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  • Public tenants need to dig deeper
        Date:2018-01-11 

    The Housing Society will increase rents by 8 percent from April 1 at its 20 estates.

    The rise will apply to some 32,000 residential units, following a recent rental review for the years 2018-2020.

    The monthly rent increase per unit will average HK$159 - boosting rents to an average of about HK$2,150.

    The new rents will remain unchanged for two years.

    The society considers the rise to be "relatively moderate," but lawmakers slammed it as excessive.

    The society is a self-financing not-for-profit organization and its rental estates' operating accounts are independent of its other businesses.

    The rent level is determined mainly by operating costs - including the recurrent management expenses, tenancy administration costs, rates and government rents - as well as expenses for major improvement works, repairs and maintenance.

    The society's chief executive, Wong Kit-loong, said operating costs have been on the rise due to higher wages and maintenance costs.

    "It is anticipated that the books will not be balanced even with the rent increases. However, the executive committee, having considered the affordability of our tenants, decided to make a relatively moderate adjustment," he said.

    "We understand that the increment may impact on some of the residents. With an aim to help those with short-term financial difficulties, we decided to implement the rent-assistance scheme from September 1 this year."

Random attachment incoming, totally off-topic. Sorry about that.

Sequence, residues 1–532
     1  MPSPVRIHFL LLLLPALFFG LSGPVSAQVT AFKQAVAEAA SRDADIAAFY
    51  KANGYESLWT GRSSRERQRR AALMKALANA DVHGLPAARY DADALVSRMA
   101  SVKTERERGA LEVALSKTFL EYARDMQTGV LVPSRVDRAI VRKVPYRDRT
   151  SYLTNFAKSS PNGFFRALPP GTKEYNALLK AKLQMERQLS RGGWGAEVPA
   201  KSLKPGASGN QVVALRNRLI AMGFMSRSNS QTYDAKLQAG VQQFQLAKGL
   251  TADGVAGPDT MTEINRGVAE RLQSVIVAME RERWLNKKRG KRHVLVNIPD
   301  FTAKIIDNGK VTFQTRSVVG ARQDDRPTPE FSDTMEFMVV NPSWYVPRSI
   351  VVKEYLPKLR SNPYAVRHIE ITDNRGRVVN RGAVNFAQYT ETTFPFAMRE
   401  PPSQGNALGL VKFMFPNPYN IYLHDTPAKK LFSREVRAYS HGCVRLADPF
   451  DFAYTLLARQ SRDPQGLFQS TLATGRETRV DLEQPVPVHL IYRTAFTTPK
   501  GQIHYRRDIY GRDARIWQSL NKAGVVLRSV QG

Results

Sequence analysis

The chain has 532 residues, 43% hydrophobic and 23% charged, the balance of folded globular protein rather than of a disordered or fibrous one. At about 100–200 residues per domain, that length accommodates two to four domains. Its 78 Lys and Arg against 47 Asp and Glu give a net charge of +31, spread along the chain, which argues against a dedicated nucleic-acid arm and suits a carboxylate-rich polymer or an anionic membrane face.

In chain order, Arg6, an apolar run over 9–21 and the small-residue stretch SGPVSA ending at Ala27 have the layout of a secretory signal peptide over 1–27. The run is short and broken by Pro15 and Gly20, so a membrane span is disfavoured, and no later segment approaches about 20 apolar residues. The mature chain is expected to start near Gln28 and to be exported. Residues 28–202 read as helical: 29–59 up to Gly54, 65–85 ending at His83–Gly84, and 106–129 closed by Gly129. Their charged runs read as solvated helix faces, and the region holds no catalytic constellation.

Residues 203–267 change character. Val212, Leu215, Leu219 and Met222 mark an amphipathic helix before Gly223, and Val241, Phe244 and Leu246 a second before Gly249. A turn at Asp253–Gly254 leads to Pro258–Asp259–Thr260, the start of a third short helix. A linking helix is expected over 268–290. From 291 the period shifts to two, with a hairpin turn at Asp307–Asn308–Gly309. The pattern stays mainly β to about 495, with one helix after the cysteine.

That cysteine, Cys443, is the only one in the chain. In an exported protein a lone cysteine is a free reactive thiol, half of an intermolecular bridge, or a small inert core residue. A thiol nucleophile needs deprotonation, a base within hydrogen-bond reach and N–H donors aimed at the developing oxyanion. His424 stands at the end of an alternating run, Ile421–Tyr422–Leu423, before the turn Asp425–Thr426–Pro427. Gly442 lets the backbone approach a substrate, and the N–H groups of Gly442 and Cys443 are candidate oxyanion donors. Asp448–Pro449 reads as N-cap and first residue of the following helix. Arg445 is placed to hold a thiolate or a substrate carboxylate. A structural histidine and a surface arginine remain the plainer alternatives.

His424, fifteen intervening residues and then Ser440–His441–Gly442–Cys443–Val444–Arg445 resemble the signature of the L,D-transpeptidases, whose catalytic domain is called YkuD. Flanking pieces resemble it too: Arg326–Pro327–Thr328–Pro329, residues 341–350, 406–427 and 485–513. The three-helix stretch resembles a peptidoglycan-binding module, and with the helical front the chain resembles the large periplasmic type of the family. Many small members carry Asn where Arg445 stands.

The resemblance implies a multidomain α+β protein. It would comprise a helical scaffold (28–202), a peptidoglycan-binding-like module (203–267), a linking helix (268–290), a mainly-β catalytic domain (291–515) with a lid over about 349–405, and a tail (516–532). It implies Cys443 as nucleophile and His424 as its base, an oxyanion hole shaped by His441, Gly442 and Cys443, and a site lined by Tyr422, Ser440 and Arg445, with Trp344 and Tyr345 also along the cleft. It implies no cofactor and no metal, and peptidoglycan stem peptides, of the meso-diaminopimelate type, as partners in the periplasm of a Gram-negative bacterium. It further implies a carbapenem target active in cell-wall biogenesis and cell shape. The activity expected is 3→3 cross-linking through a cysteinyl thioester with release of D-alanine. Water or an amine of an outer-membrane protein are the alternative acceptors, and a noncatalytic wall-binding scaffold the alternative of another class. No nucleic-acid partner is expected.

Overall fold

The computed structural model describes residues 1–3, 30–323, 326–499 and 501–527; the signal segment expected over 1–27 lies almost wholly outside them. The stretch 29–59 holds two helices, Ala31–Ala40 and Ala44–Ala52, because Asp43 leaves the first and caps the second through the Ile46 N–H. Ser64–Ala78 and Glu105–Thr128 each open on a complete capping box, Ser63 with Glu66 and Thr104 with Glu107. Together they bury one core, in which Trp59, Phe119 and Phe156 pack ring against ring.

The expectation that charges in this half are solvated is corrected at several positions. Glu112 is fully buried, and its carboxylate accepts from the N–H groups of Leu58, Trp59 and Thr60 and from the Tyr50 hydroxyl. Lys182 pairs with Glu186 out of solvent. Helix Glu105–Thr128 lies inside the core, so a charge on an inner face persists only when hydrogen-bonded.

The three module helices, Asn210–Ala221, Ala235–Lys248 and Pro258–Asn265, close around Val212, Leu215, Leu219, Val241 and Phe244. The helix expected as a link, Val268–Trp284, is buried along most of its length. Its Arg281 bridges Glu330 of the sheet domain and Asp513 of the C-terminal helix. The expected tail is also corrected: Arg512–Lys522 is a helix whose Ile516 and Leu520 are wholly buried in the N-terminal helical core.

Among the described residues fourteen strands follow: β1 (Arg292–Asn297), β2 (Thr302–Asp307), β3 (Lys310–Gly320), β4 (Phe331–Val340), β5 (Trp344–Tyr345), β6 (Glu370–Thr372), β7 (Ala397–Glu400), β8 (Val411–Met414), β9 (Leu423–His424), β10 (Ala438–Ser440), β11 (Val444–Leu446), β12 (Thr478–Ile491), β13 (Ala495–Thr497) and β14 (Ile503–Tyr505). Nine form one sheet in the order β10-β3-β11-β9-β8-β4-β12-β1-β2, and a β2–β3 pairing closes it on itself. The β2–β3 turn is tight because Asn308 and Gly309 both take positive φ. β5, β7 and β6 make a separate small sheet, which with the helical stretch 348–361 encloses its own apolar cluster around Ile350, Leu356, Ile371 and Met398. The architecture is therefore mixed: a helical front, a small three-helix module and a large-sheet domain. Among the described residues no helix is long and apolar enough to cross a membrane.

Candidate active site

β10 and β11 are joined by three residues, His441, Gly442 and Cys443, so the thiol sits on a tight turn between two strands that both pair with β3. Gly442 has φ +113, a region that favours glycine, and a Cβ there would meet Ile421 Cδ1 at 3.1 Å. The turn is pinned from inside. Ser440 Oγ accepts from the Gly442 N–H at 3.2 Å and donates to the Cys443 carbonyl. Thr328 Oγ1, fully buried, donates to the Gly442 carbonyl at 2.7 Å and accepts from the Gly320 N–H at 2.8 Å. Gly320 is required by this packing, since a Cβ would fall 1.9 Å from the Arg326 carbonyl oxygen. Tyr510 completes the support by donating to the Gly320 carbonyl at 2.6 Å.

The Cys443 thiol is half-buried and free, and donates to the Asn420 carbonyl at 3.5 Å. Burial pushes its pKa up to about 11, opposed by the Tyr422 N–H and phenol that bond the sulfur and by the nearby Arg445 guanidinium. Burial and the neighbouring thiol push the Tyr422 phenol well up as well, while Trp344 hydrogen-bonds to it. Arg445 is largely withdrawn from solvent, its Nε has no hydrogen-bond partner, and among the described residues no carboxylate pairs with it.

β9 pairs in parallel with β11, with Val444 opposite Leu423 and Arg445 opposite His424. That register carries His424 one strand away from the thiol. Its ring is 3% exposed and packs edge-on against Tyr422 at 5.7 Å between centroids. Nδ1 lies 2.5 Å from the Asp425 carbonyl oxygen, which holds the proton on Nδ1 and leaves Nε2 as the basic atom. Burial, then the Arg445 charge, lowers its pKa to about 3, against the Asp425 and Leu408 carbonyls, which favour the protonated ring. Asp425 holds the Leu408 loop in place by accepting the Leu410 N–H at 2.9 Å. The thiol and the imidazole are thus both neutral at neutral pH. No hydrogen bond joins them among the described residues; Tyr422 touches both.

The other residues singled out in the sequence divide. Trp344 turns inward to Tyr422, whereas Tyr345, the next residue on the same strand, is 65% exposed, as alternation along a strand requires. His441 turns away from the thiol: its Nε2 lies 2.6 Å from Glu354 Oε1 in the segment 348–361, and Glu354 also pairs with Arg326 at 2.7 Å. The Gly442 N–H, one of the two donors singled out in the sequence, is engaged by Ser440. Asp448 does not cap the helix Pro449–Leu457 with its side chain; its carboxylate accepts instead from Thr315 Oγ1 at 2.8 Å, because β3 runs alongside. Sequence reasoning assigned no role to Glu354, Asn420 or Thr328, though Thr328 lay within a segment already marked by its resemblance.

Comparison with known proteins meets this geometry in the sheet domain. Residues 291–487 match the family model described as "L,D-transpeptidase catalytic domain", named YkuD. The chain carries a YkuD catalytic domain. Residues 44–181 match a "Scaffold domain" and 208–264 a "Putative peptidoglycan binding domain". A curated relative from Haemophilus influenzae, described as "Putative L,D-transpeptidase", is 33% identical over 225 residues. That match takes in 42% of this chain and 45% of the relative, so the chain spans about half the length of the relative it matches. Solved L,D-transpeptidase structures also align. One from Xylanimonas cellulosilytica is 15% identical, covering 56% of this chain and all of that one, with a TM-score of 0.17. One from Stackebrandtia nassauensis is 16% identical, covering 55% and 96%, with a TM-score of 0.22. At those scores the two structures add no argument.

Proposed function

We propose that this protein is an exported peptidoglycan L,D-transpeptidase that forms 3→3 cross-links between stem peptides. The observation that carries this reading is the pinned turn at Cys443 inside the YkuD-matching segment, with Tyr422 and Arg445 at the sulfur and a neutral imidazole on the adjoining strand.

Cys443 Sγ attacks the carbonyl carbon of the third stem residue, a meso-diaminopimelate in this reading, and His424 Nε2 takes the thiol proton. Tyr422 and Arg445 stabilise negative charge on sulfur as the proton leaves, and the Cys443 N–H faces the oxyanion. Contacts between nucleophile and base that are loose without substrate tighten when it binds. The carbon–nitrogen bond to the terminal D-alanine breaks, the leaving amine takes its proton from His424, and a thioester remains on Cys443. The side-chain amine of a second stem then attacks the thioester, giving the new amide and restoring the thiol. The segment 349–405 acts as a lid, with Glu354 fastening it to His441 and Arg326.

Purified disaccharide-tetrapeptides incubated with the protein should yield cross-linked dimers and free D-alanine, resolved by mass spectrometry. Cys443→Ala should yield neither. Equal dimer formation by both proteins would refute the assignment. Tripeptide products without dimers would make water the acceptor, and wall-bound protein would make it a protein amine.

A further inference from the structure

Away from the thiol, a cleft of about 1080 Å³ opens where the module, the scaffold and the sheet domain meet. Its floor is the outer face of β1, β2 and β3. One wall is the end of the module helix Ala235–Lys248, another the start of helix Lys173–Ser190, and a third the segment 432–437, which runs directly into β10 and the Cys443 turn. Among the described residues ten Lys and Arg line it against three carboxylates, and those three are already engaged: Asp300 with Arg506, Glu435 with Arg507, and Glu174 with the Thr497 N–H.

However, all applicants are subject to a means test, with criteria including a total household income below 50 percent of the prevailing waiting-list income limit.

    Eligible residents can apply for 50 percent rent reduction for two years.

    It is expected that 4,000 elderly households, which do not have any income, will benefit from the scheme.

    The well-off tenants policy will also be implemented to ensure more effective allocation of subsidized housing resources, the society said. This policy will only apply to new tenants and in cases of transferring tenancy to a family member other than the spouse.

    These households are required to declare their family income and assets after living in the estate for 10 years and on a biennial basis afterward.

    The households will be required to vacate their rental flats if any family member has acquired ownership of a property in Hong Kong, or the family income exceeds five times the waiting-list income limit.

    Lawmaker Wilson Or Chong-shing, of the Democratic Alliance for the Betterment and Progress of Hong Kong, said the increase is "too much."

    "The increase is much higher than inflation. It would put more pressure on tenants," he said, adding the society should consider affordability and inflation when raising rent.



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